CARE Then and Now: “I remember the excitement”
Ruth Martin, now living in Godalming, Surrey, told us:
I was five when WW2 broke out so not very old by the time it finished.
However, I do have a clear memory of the excitement when the first parcel arrived, completely unannounced, and amazement at the goodies it contained.
I believe we received three parcels in all but the item that made an impression on me that still lingers today was the tall, slim, khaki-coloured tins that contained absolutely delicious sausages.
Later when my younger brother and I were at boarding school in Yorkshire, on two occasions those sausages provided our last evening meal before we returned to school for the term. So they had been kept for a special occasion.
One parcel was preceded by a very irate telephone call from the Post Master at Altrincham sorting office, informing us that a parcel addressed to us had burst and they had rice all over the sorting office.
He insisted that someone go down and clean it up, so my poor elder sister, who was acting as surrogate mother to Steve and myself and also nursing my mother who was often ill in bed for quite long periods, had to go down to clean the mess up. I remember the concern in the family at the waste of all that rice.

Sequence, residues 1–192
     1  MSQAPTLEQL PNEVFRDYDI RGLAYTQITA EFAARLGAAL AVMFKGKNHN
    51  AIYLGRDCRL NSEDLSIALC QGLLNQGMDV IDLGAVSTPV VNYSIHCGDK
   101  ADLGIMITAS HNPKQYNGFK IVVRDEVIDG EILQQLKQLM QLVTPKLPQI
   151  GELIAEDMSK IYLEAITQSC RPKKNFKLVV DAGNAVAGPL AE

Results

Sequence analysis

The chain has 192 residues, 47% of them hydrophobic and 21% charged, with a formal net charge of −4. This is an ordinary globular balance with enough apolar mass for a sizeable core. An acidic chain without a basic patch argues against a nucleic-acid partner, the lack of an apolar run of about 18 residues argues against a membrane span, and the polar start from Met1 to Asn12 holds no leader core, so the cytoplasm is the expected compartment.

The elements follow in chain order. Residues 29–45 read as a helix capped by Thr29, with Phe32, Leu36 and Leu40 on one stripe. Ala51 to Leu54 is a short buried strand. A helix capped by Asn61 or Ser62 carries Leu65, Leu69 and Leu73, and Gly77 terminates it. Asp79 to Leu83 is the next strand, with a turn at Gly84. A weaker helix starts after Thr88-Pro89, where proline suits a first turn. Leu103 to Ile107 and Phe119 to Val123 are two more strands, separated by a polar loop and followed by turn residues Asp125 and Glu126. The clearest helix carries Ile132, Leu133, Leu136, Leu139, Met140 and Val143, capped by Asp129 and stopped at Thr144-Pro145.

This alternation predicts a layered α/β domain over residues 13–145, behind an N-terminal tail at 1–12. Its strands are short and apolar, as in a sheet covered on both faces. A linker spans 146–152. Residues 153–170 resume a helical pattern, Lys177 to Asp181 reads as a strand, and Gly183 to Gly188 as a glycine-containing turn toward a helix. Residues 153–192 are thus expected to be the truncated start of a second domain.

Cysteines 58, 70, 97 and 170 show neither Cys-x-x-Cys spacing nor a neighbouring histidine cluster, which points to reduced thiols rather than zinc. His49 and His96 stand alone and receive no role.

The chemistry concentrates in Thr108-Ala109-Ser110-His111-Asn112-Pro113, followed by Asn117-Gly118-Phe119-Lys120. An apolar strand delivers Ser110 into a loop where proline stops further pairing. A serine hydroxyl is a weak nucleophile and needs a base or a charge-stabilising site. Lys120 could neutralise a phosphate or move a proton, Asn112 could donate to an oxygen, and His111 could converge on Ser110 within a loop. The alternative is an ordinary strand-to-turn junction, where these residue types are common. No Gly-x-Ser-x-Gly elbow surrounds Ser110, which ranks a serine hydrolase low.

Thank you for your letter about your anniversary and the CARE parcels. I was so pleased to receive this with its clear explanation of the history of CARE International that has cleared up a mystery for me.
I was only asking my elder sister, aged almost 90, if she knew anything about the parcels we received after the War. Like me she thought it must have been something to do with our parents’ friends in Oregon (USA), where they had lived for 10 years. So, yes, I now believe that those friends must have paid the money for the parcels to be sent to us.
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